After your hike, it’s time to pack a picnic lunch. For the quintessential Santa Monica sandwich, hop back in your car and head just a few miles south on the PCH to Bay Cities Italian Deli & Bakery. If you’d rather not circle back to Santa Monica, pop into Vons, a charmingly dated outpost of the southern California grocery chain, just down the hill from Paseo Miramar. The shop offers surprisingly good made-to-order sandwiches, wraps, and sides from the deli.
Insider Tip #2: Don’t even think about braving the long lines of famed Bay Cities on an empty stomach. Before heading out for your beach day, place your order—and the time you’d like to pick it up—online. Click through sandwiches like the popular Caprese or the Godmother (Genoa salami, mortadella, coppacola, ham, prosciutto, and provolone), and for the love of food, say "yes" to the 10-cent pepper salad topping (served mild or hot, whichever tickles your taste buds). Stash your well-wrapped sandwiches in an icy cooler for a perfect beach picnic.
Beach & Brews in Malibu
El Matador state beach can only be reached via a long drive past most of Malibu, a hike down a 150-foot cliff, and a wade through sea caves. But its dramatic, somebody-pinch-me panoramas are more than worth the trek down to the cove’s clear waters and white sand, dotted with staggering rock formations and tidal pools. The beach is far more secluded than its southern cousins, but you’ll occasionally encounter topless tanners, Frisbee-chasing four-legged friends (both illegal, but frequent denizens all the same), and swimsuit-calendar photographers.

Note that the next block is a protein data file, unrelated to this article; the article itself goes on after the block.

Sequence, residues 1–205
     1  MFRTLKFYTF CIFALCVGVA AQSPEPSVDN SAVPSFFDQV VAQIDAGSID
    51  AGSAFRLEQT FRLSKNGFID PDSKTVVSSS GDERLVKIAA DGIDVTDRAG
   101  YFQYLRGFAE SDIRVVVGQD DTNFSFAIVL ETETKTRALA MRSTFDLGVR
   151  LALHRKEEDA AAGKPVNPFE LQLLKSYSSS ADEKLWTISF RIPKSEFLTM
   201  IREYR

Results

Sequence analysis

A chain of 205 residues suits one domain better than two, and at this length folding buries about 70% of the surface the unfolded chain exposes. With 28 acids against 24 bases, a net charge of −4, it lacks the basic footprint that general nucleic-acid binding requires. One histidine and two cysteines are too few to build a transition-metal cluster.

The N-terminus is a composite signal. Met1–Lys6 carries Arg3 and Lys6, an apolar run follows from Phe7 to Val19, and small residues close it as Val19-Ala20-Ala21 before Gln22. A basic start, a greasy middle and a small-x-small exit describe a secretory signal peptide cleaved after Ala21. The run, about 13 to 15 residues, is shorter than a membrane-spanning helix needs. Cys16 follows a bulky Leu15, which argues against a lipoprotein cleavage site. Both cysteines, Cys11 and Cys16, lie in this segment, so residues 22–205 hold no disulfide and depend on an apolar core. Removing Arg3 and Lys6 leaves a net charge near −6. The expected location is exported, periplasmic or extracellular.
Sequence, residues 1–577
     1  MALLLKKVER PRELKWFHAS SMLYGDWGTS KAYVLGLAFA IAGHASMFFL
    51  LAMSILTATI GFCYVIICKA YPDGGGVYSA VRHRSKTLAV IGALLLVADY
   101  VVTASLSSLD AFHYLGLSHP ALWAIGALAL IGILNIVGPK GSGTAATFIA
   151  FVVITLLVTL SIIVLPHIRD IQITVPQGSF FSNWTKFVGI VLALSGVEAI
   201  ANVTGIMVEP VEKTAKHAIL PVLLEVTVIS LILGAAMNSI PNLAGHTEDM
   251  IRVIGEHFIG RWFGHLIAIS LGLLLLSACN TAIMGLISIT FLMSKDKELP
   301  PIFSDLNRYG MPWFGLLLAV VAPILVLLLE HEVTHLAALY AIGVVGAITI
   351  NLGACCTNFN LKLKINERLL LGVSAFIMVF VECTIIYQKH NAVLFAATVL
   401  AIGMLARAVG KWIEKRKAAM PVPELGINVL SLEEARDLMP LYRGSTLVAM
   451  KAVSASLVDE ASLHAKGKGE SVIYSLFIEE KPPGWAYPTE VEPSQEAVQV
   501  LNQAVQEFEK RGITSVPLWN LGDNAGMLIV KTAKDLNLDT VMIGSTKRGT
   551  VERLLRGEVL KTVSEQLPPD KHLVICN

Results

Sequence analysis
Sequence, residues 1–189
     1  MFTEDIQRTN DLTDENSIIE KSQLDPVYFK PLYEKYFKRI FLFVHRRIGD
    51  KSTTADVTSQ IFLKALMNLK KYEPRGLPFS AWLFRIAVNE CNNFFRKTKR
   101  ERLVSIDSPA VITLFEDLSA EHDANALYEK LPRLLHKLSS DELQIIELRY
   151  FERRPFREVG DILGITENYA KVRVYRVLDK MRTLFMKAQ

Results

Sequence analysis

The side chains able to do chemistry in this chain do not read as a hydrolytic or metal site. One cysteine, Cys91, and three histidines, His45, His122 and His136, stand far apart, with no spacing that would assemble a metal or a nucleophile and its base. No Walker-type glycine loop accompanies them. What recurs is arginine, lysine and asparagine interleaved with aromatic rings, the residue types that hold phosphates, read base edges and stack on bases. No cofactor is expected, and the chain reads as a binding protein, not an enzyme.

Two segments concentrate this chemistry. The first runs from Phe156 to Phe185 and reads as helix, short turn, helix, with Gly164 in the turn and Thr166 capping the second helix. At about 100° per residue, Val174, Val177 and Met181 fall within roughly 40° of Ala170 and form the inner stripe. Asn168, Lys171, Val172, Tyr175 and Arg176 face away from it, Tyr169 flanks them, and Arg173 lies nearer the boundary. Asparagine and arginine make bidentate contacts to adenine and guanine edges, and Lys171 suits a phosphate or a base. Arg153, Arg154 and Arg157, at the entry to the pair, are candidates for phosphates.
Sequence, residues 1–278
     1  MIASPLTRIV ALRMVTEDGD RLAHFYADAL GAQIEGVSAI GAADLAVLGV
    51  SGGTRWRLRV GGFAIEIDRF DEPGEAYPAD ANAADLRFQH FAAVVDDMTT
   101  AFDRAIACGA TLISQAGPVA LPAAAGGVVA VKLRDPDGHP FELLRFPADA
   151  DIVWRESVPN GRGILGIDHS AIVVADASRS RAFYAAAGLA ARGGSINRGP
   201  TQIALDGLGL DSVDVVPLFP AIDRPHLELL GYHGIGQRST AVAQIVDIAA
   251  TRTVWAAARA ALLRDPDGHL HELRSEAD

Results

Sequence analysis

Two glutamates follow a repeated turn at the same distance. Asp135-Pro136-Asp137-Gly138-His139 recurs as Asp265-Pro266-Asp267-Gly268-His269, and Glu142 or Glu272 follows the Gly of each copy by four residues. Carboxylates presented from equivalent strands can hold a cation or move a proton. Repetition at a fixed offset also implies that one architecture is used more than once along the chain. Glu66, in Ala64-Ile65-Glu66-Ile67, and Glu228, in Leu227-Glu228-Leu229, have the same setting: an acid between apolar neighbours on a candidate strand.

To top off your hard day at the beach, fill your bronzed belly at the Malibu Fish Market & Patio Café (aka "Malibu Fish Shack"). Whether you like your fish grilled, steamed, or deep-fried, this 40-year-old quaint seafood shack and its picnic tables overlooking the Pacific serves up the best catch in the ‘Bu. To mingle with a younger surf set, grab a beer, Mai Tai, and fish tacos at the Barefoot Bar at Duke’s Malibu, where high tides are known to crash against glass barriers, toasting outdoor revelers.
Insider Tip: Barefoot isn’t better for the hike down to El Matador, so pack a pair of tennis shoes and $7 cash for the beach’s honor system parking lot (while street parking on the PCH is free, attempting to cross that zippy highway isn’t for the faint of heart). Time your visit with the tides and surf report and bring a trash bag—visitors must haul out all picnic leftovers. Leave beer and booze in the car (it’s a $200 ticket if you’re caught drinking on the beach)—or make like a local and disguise adult beverages in a fruity punch. Finally, make a pit stop at the Porta-Potties before you hike 150-feet down to the beach. Just trust us on this one.